Every so often new decking products come on the market. These products always claim to be the “perfect solution,” and the last item you’ll ever need. While some products really do live up the hype, there are still plenty that fall short of their claims.
Over the years there has been an increasing number of homeowners using deck coating products to salvage their rickety old pressure treated decks. Here’s some interesting things to consider before you decide to paint your deck with these new coating products.If your deck is over 20 years old and splintering, you should consider putting it out of its misery. But what if you’re just not ready to scrap it all and start over? Is using a deck coating product meant to squeeze a few more years out of your deck really worth your time and money? While these products market themselves as a sure no-brainer (After all, the upfront cost is cheaper than replacing your entire deck), the end result for many is like painting a car that has broken suspension.
If your deck boards are in bad shape, encasing it with these deck coating products will not magically repair the damage. Once applied to your deck, you have to scrape the excess glop out between your deck boards with a putty knife. This is time consuming, and then if you’re scraping the product off the side of the boards, is your deck getting all the “protection” it really needs?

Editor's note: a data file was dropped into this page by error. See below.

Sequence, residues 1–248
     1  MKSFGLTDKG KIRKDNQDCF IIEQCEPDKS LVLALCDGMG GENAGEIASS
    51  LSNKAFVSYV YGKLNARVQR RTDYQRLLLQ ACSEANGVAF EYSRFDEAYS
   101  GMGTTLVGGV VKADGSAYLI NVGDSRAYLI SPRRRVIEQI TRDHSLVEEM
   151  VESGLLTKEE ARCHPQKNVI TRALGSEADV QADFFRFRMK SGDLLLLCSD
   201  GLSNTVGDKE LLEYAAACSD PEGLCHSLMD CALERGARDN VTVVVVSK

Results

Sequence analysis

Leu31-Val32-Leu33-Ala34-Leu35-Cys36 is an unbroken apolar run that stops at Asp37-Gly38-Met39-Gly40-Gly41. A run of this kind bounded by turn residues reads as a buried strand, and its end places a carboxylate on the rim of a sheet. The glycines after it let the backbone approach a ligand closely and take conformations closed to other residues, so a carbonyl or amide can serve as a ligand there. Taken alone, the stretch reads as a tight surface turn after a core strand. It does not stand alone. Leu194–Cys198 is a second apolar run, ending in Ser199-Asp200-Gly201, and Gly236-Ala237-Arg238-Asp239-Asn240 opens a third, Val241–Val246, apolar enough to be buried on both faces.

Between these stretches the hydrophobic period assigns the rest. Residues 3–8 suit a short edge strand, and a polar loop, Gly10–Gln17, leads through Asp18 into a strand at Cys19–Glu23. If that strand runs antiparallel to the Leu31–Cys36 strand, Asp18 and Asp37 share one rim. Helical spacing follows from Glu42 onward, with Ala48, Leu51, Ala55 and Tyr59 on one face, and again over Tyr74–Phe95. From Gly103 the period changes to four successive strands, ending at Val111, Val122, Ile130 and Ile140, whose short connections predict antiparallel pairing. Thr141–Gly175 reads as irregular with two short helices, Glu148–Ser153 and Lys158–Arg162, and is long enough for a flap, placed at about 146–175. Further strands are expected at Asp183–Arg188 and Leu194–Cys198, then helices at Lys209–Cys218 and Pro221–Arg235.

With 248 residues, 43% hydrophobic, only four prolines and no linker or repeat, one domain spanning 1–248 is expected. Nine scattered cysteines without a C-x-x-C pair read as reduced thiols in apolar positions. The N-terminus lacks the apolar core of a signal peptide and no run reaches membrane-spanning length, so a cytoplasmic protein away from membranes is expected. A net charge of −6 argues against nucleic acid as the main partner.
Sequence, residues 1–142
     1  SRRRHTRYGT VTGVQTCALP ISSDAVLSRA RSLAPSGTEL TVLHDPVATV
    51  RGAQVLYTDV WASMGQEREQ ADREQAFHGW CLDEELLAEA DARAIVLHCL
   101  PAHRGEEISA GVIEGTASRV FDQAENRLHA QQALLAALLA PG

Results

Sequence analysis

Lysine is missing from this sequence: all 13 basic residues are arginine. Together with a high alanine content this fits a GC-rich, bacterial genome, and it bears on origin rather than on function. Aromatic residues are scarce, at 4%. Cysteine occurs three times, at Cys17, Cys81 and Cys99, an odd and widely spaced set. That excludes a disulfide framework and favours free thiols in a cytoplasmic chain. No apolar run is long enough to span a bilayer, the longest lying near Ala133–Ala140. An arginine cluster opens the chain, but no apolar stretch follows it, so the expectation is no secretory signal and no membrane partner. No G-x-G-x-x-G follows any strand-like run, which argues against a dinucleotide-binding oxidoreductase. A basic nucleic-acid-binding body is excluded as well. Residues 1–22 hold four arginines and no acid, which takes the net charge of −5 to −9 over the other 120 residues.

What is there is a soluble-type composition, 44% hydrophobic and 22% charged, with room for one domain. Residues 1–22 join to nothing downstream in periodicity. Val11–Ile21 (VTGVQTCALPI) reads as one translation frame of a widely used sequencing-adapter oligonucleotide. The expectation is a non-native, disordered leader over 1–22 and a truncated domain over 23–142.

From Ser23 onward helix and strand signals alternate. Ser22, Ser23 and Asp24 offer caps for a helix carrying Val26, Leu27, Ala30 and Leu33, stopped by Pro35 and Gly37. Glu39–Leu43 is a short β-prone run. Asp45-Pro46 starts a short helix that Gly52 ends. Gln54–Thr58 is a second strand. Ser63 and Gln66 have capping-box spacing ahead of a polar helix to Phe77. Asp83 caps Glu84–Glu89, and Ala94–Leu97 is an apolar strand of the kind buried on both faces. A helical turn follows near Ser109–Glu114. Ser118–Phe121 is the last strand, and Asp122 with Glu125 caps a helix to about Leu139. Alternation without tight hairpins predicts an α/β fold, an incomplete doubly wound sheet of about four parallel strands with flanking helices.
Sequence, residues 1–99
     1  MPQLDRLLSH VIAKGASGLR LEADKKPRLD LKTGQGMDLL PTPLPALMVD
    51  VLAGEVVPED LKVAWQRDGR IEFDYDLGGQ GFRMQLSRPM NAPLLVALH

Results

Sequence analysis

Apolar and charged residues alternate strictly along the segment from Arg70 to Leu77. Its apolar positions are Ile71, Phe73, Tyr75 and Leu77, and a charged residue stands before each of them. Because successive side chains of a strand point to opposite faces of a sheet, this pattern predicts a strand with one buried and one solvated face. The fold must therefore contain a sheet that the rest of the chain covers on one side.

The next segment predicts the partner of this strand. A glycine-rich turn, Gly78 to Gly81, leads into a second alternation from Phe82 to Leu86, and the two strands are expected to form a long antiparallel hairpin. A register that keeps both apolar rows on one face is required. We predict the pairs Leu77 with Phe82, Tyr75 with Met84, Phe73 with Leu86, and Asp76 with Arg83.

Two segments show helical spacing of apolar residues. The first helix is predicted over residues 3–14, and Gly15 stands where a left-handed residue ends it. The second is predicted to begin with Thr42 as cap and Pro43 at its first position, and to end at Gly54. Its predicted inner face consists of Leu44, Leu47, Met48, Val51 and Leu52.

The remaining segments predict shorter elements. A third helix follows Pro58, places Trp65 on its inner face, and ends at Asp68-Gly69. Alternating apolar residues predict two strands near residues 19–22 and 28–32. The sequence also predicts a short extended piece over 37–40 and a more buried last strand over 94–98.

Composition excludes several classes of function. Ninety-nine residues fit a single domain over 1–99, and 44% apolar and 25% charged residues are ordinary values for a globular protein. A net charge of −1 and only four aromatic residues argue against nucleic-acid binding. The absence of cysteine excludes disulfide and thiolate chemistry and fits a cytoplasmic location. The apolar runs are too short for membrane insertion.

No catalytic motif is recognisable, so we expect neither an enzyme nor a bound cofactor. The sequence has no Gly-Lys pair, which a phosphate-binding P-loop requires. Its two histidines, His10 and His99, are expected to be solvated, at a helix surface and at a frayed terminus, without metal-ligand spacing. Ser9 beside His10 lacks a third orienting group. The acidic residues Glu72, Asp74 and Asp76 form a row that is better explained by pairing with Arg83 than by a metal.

Here’s another point to consider; Because of their durability, lag bolts, stainless steel screws, and other non-corrosive fasteners are the standard when it comes to deck installation. This was not always the case. Before codes were changed years ago, galvanized fasteners were used. Even today, you can still read news reports about deck safety and other accidents where improper fastening methods were used and eventually led to collapse. The switch to stainless fasteners was made because galvanized fasteners pressure treated framing are completely incompatible. Galvanized steel is great with resistance to rust, but the corrosive chemicals within pressure treated material will still eat away at the fasteners. So, if you “restore” your current deck, these surface fasteners will be covered. How could you tell if your fasteners are bad? How can you tell if your decking is about to give way? You can’t.
How does building the last deck you’ll ever need sound? Seems too good to be true, right? Remember what I said before about some claims being true? This is one of them. Real hardwood decking materials like Advantage Ipe and Cumaru are proven to last 50 plus years in any climate. Decks made of sustainably harvested decking thrive in hot and cold climates without the need for any special treatment. The great thing about these kinds of options is that even after their first use, they can be reclaimed. Take the Ipe used for the Coney Island boardwalk. Originally installed in the early 1940’s, this wood has been turned into high-end ipe furniture that pays homage to many of the area’s finest attractions.
At the end of the day you it’s all about the pros and cons. Sure, saving a few bucks up front sounds good. But is it really worth the risk of putting a band aid on a gun shot wound? If your deck is over 20 years old and was built using improper fasteners (especially around the ledger board!), building a new deck out of a lasting material might truly be the best way to restore your outdoor life.
Contact AdvantageLumber.com today. Check out our Decking Sale page to see our latest deals.